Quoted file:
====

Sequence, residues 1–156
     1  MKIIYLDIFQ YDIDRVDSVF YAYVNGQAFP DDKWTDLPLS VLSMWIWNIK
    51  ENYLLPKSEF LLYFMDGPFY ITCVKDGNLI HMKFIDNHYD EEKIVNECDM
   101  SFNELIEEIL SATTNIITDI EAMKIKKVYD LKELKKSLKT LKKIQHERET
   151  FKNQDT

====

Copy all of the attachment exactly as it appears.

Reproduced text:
Sequence, residues 1–156
     1  MKIIYLDIFQ YDIDRVDSVF YAYVNGQAFP DDKWTDLPLS VLSMWIWNIK
    51  ENYLLPKSEF LLYFMDGPFY ITCVKDGNLI HMKFIDNHYD EEKIVNECDM
   101  SFNELIEEIL SATTNIITDI EAMKIKKVYD LKELKKSLKT LKKIQHERET
   151  FKNQDT